Experts are calling for broader police reforms after new analysis from The Australian National University (ANU) and the University of Waterloo in Canada raised serious questions about the effectiveness of body-worn cameras (BWCs) at preventing police wrongdoing.
The international team of experts analysed studies that captured the impact of BWCs on police violence around the world. The research, published in Critical Social Policy, reveals inconsistencies in how effective BWCs are at promoting better police practice.
It follows worldwide outrage sparked by instances of police brutality toward people of colour, including the murder of George Floyd at the hands of US police last year.
“We noticed a trend in which police departments across the US and Canada were rapidly adopting body-worn cameras alongside statements that they would enhance police accountability in the aftermath of reported police violence against people of colour,” Professor Kate Henne, Director of the ANU School of Regulation and Global Governance, said.
“As a result, we reviewed all of the literature around police body-worn cameras and conducted a systematic review into their effectiveness. We found the evidence is mixed.
“We don’t want to be leading policymakers down the wrong path by suggesting BWCs are enough when really we need to be looking at broader reforms that address systemic inequality and include community-led responses.
“For example, that could include investing in non-police response teams and areas that have been underfunded for years, including support programs for mental health, housing, healthcare and after-school initiatives.”
Professor Henne said the studies of BWCs as a police tool to improve transparency and accountability use a “narrow” set of research methods, and many in favour of BWCs’ effectiveness are inconsistent.
“Assessments of the effectiveness of BWCs tend to use evaluation methods that focus only on the interaction between the police officer and the citizen,” she said.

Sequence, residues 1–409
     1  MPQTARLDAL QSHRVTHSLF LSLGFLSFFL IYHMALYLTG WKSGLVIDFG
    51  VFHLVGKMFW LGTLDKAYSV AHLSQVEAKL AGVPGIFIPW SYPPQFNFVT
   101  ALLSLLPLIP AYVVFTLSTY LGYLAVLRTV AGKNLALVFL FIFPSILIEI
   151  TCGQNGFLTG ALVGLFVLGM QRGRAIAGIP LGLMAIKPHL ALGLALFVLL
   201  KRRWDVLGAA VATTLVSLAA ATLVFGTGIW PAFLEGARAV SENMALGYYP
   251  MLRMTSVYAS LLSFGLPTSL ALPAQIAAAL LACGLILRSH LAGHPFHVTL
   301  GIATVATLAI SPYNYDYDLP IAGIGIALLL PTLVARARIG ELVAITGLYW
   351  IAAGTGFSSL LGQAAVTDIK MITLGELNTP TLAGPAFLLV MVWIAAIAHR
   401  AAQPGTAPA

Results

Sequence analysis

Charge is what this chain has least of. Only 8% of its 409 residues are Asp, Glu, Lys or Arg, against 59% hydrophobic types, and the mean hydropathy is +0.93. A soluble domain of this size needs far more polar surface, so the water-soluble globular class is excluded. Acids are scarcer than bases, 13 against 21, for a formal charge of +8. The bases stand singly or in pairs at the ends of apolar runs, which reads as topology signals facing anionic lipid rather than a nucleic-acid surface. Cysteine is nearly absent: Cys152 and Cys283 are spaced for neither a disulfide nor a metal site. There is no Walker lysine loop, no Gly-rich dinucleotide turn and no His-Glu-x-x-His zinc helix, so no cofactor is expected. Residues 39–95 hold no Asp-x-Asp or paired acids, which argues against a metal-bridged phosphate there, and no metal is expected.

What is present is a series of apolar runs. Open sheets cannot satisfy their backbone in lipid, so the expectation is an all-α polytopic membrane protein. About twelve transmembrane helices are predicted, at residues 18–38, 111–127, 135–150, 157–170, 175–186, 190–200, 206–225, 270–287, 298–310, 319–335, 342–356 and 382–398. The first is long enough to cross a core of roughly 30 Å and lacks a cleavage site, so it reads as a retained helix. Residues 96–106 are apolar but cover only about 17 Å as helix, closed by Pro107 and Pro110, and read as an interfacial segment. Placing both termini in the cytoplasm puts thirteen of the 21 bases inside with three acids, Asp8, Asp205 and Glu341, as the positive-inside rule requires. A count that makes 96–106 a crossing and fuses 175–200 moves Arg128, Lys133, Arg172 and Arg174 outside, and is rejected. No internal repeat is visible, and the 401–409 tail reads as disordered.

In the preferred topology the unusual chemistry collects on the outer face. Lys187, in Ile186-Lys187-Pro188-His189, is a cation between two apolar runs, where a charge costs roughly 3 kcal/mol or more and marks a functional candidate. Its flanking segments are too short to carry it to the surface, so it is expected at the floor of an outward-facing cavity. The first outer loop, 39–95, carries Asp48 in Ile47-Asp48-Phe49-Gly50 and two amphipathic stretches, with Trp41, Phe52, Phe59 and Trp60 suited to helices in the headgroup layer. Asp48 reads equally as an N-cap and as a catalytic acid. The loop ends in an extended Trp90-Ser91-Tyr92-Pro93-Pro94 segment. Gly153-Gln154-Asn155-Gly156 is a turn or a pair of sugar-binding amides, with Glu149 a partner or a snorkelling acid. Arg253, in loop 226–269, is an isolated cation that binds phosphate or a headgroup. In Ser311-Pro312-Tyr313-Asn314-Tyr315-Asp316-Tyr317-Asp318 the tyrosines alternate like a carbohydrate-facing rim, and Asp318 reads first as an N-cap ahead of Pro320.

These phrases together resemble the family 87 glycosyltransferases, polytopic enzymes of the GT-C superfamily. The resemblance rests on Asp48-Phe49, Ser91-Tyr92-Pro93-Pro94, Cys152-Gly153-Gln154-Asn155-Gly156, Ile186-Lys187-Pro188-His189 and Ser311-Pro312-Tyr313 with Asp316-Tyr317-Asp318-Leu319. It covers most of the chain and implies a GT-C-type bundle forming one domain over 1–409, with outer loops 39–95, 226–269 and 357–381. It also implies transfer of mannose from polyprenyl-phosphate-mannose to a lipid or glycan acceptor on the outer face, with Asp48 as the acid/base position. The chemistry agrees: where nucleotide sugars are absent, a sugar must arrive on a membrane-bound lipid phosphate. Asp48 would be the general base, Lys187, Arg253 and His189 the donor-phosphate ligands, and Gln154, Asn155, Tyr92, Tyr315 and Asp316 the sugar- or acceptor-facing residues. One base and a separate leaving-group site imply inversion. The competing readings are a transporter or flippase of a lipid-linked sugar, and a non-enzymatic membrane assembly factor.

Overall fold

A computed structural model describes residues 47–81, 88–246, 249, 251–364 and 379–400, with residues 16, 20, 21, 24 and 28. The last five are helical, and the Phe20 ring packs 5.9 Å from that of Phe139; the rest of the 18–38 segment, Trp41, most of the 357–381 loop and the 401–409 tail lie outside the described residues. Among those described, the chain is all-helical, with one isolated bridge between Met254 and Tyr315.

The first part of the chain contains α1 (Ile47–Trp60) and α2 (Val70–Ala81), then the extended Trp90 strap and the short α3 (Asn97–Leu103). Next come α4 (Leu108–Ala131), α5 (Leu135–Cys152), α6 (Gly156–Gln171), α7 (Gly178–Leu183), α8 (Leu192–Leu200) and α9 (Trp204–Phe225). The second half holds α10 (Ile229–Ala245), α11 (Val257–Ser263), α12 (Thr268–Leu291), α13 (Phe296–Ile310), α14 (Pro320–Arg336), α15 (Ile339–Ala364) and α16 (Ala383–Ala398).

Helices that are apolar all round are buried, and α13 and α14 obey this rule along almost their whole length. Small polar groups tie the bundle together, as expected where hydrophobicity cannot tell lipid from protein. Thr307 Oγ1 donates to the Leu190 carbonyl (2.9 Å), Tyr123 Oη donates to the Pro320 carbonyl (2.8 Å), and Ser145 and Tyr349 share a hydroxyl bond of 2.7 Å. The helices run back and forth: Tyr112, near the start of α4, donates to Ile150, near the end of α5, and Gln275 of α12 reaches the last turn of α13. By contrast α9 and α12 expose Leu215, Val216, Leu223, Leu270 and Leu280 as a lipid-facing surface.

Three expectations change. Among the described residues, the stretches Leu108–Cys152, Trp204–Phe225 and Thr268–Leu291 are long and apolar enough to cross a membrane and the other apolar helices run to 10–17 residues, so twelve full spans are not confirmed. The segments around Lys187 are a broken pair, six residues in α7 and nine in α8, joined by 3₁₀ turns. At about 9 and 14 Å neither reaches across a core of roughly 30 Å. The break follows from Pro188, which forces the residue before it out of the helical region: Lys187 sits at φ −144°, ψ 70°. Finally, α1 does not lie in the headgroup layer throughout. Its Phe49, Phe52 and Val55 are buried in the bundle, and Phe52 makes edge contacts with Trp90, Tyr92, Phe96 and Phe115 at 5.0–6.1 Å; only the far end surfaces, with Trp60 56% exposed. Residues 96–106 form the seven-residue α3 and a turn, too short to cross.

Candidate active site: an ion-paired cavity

“They do not capture the context of the interactions or examine how BWC footage is used beyond these interactions. They also aren’t consulting communities who disproportionately experience higher rates of police violence in the way they’ve asked for.”
According to Professor Henne, the George Floyd case is a reminder of the “urgent need” to get the use of BWCs right.
“In the wake of George Floyd’s death – in which body-worn camera evidence was used in Derek Chauvin’s murder trial – people in Minnesota and across the US demanded institutional and structural reform to the system,” she said.
“To do that, we have to be talking to and working with communities. Most of the research we reviewed is doing the opposite and should not be used on its own to justify these reform measures.”
Co-author Krystle Shore, a PhD scholar at the University of Waterloo, argues a higher police presence and the use of surveillance to combat crime could have unintended consequences.
“The stakes are too high to get this wrong. In the US and elsewhere, we have seen instances of increasing police surveillance capabilities being used to target black, First Nations and immigrant communities. Presenting BWCs as a neutral response to police misconduct negates the many other ways that surveillance technologies can be used,” she said.
“Surveillance technologies are increasingly justified by authorities to address social problems beyond policing such as, for example, in response to the coronavirus pandemic. It is crucial that we fully understand the potential for harm associated with these technologies before classifying them as blanket solutions.”
Professor Henne supports community-led justice programs instead of simply relying on new surveillance technologies for police.
“Research by Dr Amanda Porter on community-run Indigenous patrols in New South Wales show that different types of justice systems can help keep communities safe and prevent contact between Indigenous young people and law enforcement,” Professor Henne said.
“Unfortunately, there is a tendency of criminologists and policymakers to attempt to reform the criminal justice system using strategies that don’t consider community-led initiatives as viable solutions. The emphasis on BWCs over other possibilities offers a similar case in point.”
This new analysis into BWC research was conducted by ANU Professor Kate Henne, ANU PhD scholar Jenna Imad Harb and PhD scholar Krystle Shore.
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